When nature doesn't cooperate by providing natural snow, our snowmakers take over, but it takes a lot more than just cool temperatures to fire up the snowguns.
What does it take to make snow?
Snowmaking is a complicated equation. It involves water supply, energy, technical machinery, optimal conditions, and a whole lot of manpower.
Snowmaking requires water.. and a lot of it! For instance, if you wanted to cover an acre with 1-foot of snow, one would need 175,000 gallons of water! With our improved snowmaking system, we are able to convert over 4,700 gallons-per-minute (or 282,000 gallons-per-hour) of water into snow, providing our riders with the best conditions possible!
The second element snowmakers need to make snow is cool temperatures. While water can turn into snow crystals at 32°F (0°C), ideal snowmaking conditions call for temperatures 28°F or lower. The colder and drier the conditions, the more effective snowmaking becomes.
Here at Massanutten, dawn is typically the coldest part of the day, but we may not start making snow unless we will have more than 1-hour of optimal conditions.
Low Humidity / Wet Bulb Temperatures
The wet bulb temperature is the lowest temperature that can be obtained by evaporating water into the air at a constant pressure, and is the most critical factor for snowmaking. That’s because the threshold temperature for snowmaking increases as humidity decreases. But, that also means that as humidity increases, temperatures need to be lower for snowmaking. The magic number for snow making is a 27° wet bulb temperature.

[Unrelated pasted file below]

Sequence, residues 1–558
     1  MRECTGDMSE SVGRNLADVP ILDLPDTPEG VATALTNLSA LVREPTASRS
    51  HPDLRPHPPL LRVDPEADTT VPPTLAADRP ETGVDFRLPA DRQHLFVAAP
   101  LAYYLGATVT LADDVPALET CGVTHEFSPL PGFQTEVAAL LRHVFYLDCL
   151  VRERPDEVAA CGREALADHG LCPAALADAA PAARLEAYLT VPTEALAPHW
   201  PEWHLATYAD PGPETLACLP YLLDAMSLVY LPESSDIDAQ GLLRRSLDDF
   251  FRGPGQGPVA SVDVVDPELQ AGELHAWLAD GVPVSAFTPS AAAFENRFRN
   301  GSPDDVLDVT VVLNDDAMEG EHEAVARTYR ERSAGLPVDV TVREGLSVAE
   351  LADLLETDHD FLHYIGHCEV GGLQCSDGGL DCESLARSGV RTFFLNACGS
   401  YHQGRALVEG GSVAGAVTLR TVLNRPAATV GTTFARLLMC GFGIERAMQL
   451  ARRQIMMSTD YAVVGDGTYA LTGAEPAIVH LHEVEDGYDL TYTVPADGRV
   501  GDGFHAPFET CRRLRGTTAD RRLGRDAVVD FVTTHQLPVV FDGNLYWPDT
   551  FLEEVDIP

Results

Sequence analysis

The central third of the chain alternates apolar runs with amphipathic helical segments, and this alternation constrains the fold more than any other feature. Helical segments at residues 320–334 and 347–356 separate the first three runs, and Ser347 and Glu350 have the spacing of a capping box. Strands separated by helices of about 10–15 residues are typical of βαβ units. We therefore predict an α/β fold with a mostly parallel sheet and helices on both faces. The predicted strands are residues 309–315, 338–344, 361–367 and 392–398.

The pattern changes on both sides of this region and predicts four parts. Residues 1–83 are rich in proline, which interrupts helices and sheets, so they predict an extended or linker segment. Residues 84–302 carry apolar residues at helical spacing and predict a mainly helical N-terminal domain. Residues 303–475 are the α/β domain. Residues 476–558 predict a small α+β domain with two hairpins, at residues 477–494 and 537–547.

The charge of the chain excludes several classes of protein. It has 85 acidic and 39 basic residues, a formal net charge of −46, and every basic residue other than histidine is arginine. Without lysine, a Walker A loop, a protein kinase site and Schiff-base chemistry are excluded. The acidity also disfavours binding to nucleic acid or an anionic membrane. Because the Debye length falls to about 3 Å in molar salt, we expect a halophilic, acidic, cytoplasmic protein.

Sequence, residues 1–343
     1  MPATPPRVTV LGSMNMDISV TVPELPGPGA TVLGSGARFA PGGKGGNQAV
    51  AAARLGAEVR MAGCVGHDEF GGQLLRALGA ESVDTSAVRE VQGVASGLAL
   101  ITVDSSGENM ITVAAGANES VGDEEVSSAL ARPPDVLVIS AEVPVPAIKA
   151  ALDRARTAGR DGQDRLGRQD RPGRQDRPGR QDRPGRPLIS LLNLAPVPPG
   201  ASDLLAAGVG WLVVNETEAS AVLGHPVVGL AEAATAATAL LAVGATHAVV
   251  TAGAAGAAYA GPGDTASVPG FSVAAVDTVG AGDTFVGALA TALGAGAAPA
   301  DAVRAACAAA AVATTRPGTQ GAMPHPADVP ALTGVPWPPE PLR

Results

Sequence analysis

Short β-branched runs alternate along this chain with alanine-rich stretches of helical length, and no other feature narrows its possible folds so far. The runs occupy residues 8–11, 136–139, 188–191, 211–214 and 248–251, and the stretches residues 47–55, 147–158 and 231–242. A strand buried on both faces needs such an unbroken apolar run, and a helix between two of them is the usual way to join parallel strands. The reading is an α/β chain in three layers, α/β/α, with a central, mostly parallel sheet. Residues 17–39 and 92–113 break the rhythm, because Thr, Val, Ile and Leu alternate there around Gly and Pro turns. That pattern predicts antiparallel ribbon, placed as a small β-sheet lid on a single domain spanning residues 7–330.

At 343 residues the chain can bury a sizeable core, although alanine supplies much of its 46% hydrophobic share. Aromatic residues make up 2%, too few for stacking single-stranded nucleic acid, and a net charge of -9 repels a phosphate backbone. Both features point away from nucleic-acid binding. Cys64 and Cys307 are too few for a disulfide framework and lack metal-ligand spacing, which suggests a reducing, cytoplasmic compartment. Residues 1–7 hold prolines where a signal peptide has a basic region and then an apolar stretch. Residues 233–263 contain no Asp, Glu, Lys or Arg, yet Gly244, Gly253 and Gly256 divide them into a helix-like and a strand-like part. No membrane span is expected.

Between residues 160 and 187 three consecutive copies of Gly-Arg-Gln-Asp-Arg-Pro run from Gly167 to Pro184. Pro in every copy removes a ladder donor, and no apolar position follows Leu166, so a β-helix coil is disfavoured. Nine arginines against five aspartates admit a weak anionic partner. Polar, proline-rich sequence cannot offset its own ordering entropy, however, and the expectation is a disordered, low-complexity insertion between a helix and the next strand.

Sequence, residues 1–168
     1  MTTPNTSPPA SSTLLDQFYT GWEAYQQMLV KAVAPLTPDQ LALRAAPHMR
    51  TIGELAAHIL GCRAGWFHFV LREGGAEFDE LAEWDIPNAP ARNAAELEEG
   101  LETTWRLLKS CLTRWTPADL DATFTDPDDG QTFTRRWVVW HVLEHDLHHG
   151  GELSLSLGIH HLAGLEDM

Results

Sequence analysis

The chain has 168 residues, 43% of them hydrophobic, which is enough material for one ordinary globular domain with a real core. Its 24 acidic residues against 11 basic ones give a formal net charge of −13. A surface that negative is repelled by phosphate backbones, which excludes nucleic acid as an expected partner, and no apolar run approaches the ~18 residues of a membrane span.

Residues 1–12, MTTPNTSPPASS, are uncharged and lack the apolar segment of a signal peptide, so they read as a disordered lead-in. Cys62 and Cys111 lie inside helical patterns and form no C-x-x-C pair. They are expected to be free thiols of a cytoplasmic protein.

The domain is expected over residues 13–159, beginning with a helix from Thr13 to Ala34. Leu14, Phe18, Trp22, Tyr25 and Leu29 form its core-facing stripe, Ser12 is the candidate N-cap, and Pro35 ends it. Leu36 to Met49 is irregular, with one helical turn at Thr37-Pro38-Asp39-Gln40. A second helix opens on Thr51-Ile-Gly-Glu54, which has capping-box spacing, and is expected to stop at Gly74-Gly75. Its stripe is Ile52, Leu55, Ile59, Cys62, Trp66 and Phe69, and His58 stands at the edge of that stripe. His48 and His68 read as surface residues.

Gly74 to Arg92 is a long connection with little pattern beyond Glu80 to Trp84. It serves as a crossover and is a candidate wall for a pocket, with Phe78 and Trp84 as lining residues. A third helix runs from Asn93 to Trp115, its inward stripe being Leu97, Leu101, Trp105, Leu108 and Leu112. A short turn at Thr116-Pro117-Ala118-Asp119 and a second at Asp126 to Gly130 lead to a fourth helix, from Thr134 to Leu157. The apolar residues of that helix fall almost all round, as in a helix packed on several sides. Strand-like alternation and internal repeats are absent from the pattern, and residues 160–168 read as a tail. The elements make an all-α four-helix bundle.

A Complex Snowmaking System
Our snowmaking system consists of air lines, water lines, electrical lines, water hydrants, and snow guns. Essentially, air and water is pumped from holding ponds up the mountain and mixed at the snow gun to produce snow. A nozzle then produces tiny water droplets which freeze as they fall through the air to produce machine-made snow (NOTE: There is nothing “artificial” about machine-made snow).
Snow made in this manner is not a flake but a 3-dimensional snow “puff” that has a much greater density than natural snow, making it perfect for building base depth!
Snowmakers & Groomers
Last, but certainly not least, it takes a dedicated team of snowmakers and groomers to produce the best conditions all season long. Our snowmaking crew is constantly hard at work, whether they are prepping for the next cold spell or hiking the trails in the middle of the night, adjusting the guns. Then, our grooming staff comes in to get the slopes looking and feeling like there is a nice, fresh coat of snow for you to ride the next day.
PLEASE NOTE: Even though we make snow whenever possible, once a “base” is put down and packed, it is not necessary to make snow every day to remain open. It takes longer than one might think for snow to melt away, even at well above freezing temperatures. That being said, you don’t need to find snow in your backyard to go skiing or snowboarding. We normally begin making snow in early to mid-December and remain open until early March, or as long as Mother Nature allows!
For more information about snowmaking check out the video below!
Want to see if we've started making snow yet? Check out the webcams and our snow conditions page.